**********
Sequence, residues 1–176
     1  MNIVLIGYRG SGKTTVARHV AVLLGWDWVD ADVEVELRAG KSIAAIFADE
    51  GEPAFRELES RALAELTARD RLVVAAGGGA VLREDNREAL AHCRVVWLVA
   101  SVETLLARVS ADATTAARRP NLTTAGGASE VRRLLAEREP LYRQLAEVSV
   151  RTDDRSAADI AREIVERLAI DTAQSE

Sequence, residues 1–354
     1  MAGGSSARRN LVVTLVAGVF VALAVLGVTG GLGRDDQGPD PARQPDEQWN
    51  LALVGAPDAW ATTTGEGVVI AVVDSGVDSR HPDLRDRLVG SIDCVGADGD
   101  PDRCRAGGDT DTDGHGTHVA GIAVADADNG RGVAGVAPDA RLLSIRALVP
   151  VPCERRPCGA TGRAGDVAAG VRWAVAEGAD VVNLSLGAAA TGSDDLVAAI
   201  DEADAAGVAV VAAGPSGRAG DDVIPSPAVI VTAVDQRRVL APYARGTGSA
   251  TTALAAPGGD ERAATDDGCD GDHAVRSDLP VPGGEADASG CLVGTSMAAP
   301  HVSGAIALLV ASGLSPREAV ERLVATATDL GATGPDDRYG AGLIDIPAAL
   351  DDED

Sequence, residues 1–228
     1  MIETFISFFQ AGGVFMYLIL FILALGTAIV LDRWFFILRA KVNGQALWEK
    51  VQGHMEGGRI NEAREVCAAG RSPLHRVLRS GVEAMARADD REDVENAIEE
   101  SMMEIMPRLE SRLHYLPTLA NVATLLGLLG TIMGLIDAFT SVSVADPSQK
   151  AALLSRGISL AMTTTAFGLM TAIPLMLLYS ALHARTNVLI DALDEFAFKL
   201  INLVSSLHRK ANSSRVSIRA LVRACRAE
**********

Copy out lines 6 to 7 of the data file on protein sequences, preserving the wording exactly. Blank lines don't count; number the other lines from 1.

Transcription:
Sequence, residues 1–354
     1  MAGGSSARRN LVVTLVAGVF VALAVLGVTG GLGRDDQGPD PARQPDEQWN